The steel steam trawler Angus was launched from the Beverley yard of Cook, Welton and Gemmell Ltd (Yard No 560) on 20th November 1930. She measured 140.3′ x 24.6′ x 13.3′ and her tonnage was 351 gross tons, 138 net tons. She was powered by a reciprocating direct acting triple expansion steam engine by C D Holmes and Co Ltd., Hull delivering 96 registered horse power. She was ordered for Hellyer Brothers (Hull Northern Fishing Co Ltd) of Hull and registered there as H362.
On 22nd March 1938 she departed from her home port of Hull bound for the Icelandic fishing grounds. By the afternoon 6th April her hold was full of fish and her skipper, Arthur Christy, ordered the decks cleared and preparations to be made for the homeward voyage. The skipper set a course of south east without exactly determining their position before the began the trip. Some 200 miles later the Angus slowed to make final preparations for the remainder of the voyage. All the gear was cleaned and stored lashed to the decks where necessary. During this activity the ship drifted with the swell and the gentle breeze until, at 16:00 on the 7th April, the engines were started and she set off again on a course of SSE. Twelve hours later land was sighted approximately 20 miles off the port bow. This land was correctly identified as Shetland in the neighbourhood of Esha Ness although this is not where Christy had expected them to be.
At this point Christy took command of the Angus and altered course to the south to head for Foula. Visibility was reasonable but at times the light on Esha Ness vanished in a fog bank but it was still visible often enough for Christy to plan his course, set at south west, to pass down the west side of Foula. At 07:30am he spotted the north point of Foula off the port bow and estimated it to be 8 miles from the Angus. At this point the altered course slightly to south and then decided to change his route to pass north of Foula and then down the island‘s eastern coast. This was a strange decision as he had not taken this course previously. At 07.30 the watch changed, the mate, who had been at the wheel, went below and the bosun took over on the bridge. While the bosun was on deck helping with repairs to the gear a deckhand named Herrington was at the wheel. The skipper was still on deck and occasionally checked on the bridge to make sure everything was in order. Meanwhile the Angus steamed on at full speed throughout the day on a course down the west side of Foula. Christy had made another error. He had been using a chart that was not detailed enough to show the hazard of the Hoevdi Rocks on the east coast of Foula. At around 16:00 the skipper spotted rocks and breaking surf dead ahead. He ran to the bridge, ordered engines stopped and assisted Herrington to hauled the steering to port but it was too late. The Angus ran aground on the rocks. The ship slewed to starboard and bumped and scraped two or three times more before grounding hard and coming to a halt.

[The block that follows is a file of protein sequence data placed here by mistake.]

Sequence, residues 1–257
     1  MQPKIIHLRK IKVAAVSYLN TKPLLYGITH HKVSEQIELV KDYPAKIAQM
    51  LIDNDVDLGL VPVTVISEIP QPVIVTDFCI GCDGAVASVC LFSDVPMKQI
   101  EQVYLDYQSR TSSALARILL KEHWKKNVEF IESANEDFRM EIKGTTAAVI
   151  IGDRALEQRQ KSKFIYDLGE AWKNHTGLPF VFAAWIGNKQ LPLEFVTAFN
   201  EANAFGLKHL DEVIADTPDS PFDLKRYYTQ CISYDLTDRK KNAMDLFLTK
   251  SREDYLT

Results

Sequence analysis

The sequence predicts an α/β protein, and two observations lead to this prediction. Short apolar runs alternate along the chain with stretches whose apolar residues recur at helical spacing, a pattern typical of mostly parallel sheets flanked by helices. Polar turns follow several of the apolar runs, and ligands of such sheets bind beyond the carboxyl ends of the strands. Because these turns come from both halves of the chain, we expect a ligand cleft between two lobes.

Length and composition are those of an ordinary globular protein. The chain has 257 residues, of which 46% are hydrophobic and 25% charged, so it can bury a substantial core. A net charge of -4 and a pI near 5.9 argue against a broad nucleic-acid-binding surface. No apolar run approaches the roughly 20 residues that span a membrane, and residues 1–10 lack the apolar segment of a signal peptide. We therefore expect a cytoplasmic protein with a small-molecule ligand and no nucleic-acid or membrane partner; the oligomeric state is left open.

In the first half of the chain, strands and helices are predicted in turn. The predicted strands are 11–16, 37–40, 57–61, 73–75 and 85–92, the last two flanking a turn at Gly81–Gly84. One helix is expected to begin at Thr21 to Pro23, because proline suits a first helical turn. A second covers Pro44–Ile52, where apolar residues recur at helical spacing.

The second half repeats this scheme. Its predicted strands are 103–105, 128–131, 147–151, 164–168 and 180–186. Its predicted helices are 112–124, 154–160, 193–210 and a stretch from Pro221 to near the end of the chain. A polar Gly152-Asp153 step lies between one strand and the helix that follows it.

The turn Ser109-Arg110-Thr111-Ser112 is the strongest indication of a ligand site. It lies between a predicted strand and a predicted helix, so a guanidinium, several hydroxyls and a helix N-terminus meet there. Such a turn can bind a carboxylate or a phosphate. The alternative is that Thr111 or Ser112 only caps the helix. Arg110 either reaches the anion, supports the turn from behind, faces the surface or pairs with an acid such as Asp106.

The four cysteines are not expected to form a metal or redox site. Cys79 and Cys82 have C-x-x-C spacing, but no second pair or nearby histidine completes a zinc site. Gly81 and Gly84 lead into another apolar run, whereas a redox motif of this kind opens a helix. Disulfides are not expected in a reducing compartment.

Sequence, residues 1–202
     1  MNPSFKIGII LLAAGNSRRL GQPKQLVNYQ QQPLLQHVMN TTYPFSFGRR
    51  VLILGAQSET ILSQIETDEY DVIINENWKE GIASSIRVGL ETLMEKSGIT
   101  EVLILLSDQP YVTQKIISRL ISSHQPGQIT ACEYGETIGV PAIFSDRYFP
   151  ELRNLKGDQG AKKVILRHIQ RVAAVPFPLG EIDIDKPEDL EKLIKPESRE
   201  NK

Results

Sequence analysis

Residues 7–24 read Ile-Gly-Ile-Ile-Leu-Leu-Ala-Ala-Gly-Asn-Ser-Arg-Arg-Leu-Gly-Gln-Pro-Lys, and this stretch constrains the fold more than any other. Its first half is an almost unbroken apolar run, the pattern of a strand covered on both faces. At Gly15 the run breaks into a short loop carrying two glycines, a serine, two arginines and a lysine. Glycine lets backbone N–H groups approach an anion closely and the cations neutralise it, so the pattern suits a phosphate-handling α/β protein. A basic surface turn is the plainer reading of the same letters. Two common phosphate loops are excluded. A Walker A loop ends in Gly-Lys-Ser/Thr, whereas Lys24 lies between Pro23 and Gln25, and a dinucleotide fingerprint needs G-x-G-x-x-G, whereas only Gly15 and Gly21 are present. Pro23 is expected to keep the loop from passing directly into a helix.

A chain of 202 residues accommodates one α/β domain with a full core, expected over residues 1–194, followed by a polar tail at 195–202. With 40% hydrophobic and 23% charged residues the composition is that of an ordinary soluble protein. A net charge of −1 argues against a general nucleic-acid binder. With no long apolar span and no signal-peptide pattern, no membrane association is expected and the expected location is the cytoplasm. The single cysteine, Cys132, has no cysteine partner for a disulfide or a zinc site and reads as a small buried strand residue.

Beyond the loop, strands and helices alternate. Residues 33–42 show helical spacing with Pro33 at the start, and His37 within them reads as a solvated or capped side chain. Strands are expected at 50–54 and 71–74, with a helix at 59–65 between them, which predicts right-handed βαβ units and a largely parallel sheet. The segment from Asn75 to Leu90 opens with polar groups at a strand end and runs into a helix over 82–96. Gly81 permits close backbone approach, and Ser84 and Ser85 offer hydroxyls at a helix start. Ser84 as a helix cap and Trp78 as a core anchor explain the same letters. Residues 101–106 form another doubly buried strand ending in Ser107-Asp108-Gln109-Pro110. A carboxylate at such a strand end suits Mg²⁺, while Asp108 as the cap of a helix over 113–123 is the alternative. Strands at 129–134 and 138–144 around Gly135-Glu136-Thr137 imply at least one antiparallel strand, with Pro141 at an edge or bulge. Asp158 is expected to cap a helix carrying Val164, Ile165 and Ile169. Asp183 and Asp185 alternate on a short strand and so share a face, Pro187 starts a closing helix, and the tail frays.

Thankfully the sea was moderate meaning they crew were in no immediate danger but, in any case, after an inspection showed water in the forecastle and engine room Christy ordered the boat lowered and the men scrambled into it. Another trawler, the Stratheyre, was spotted nearby and the men rowed to this other vessel and were taken aboard. By this time the Angus had floated off the rocks. The crew of the Stratheyre managed to get a rope aboard the Angus and took her in tow. The two vessels then headed south towards Sumburgh Head. It was slow going and gradually the Angus began to settle. Some fours hours later, while off Fitful Head, the tow rope snapped due to the increasing drag of the settling trawler. Soon after the Angus sank in 30 fathoms.
The subsequent enquiry held that Christy was entirely to blame for the loss of his vessel by failing to take any actions to establish their exact position during the voyage and by leaving a single deckhand at the wheel while steering an unfamiliar course close to land. Further he failed to use the appropriate charts to determine a safe route. He did not post a lookout and did not take any depth soundings as they passed close to land to ensure the ship’s safety. His certificate was suspended for twelve months.
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